First Advisor

Ray S. Fertig

Description

Composite materials are becoming increasingly popular as building materials in a wide range of areas because of their high stiffness and strength; however, the source of variability in their material properties is not well understood. This could have drastic consequences given the risks associated with some of the areas in which they are used, such as the automobile and aerospace industries. The research project that I am currently working on seeks to predict the material properties of composites through analyzing their underlying microstructures, which are made up of glass or carbon fibers, only a few microns in diameter. The fibers can take on a variety of geometric configurations, meaning that microstructure characteristics can vary drastically. By creating computer models of microstructures and modifying them so that they contain statistically equivalent geometries to those of experimental microstructures, we can use finite element software such as ABAQUS to analyze obtain their mechanical properties. My focus has been on accurately rearranging the fibers to obtain statistical equivalence. The computer code that I wrote to do this has been proved successful for microstructures of varying dimensions and fiber morphologies. I am currently using it in tandem with ABAQUS to predict their mechanical properties.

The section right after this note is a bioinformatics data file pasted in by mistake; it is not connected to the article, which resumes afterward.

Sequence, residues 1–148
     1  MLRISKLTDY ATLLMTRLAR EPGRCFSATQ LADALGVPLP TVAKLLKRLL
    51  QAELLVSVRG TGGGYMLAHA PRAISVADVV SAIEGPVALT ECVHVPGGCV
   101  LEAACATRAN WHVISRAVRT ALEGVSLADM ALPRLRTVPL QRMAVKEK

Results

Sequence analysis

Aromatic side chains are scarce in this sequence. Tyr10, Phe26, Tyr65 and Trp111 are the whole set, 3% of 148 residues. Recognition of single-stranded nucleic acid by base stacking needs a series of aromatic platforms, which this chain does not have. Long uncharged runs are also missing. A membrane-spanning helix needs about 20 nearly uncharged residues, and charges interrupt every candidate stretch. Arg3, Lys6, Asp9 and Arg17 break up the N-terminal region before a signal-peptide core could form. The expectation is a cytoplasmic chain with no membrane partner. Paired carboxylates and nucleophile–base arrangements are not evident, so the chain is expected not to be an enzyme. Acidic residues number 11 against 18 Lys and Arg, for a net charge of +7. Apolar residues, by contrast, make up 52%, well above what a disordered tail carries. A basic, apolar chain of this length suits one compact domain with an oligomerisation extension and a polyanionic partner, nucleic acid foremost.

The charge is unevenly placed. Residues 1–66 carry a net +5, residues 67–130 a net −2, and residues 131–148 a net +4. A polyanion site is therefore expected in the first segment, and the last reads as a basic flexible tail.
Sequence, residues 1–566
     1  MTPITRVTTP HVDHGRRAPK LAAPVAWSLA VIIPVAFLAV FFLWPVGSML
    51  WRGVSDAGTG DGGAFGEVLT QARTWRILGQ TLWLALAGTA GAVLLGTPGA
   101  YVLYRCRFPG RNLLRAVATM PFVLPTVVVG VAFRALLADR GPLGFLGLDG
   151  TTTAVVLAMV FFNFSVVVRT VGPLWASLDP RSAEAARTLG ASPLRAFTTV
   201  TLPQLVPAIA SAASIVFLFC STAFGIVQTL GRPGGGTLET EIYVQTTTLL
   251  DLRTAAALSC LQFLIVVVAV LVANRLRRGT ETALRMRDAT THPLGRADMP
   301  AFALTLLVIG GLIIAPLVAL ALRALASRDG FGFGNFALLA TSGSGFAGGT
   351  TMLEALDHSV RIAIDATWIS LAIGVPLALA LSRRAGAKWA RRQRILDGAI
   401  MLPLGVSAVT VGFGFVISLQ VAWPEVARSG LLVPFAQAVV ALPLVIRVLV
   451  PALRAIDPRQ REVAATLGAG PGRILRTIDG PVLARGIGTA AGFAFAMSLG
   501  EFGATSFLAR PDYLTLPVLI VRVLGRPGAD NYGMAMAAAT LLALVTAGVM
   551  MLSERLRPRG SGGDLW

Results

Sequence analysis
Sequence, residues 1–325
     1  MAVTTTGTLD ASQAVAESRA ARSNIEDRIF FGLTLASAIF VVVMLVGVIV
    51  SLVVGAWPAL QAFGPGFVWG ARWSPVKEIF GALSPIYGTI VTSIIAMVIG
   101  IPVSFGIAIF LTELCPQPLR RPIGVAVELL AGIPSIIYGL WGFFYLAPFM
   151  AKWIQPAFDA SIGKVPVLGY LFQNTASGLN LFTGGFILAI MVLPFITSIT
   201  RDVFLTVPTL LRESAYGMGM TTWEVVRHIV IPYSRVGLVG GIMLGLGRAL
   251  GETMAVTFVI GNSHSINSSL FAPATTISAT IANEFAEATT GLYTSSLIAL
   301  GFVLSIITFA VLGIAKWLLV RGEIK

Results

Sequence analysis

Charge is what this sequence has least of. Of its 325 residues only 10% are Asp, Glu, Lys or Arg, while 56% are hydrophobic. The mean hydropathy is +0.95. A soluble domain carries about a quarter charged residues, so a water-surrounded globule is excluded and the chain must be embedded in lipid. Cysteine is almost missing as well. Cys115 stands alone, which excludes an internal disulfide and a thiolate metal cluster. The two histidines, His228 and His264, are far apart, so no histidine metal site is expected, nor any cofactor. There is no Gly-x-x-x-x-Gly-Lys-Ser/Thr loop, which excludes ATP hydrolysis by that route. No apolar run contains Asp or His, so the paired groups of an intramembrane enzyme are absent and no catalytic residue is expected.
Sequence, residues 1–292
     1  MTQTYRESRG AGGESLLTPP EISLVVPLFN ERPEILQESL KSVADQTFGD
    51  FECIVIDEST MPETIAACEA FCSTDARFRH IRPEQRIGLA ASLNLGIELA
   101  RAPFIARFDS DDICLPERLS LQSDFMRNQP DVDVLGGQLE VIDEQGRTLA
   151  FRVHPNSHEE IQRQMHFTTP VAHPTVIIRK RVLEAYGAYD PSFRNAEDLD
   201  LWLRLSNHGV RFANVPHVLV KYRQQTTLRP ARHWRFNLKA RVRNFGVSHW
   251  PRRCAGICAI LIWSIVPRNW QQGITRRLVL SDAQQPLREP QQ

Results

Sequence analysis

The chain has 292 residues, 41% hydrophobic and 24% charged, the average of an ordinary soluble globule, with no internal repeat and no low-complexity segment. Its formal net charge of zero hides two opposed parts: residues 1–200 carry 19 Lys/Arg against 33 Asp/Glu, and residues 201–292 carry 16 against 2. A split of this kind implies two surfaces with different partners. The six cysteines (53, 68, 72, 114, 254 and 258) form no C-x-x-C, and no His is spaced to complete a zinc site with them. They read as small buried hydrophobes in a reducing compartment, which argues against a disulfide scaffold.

Comments

EPSCoR

Included in

Education Commons

Share

COinS
 

Generation, Modification, and Analysis of Synthetic FRP Microstructures Based on Experimentally Observed Microstructures

Composite materials are becoming increasingly popular as building materials in a wide range of areas because of their high stiffness and strength; however, the source of variability in their material properties is not well understood. This could have drastic consequences given the risks associated with some of the areas in which they are used, such as the automobile and aerospace industries. The research project that I am currently working on seeks to predict the material properties of composites through analyzing their underlying microstructures, which are made up of glass or carbon fibers, only a few microns in diameter. The fibers can take on a variety of geometric configurations, meaning that microstructure characteristics can vary drastically. By creating computer models of microstructures and modifying them so that they contain statistically equivalent geometries to those of experimental microstructures, we can use finite element software such as ABAQUS to analyze obtain their mechanical properties. My focus has been on accurately rearranging the fibers to obtain statistical equivalence. The computer code that I wrote to do this has been proved successful for microstructures of varying dimensions and fiber morphologies. I am currently using it in tandem with ABAQUS to predict their mechanical properties.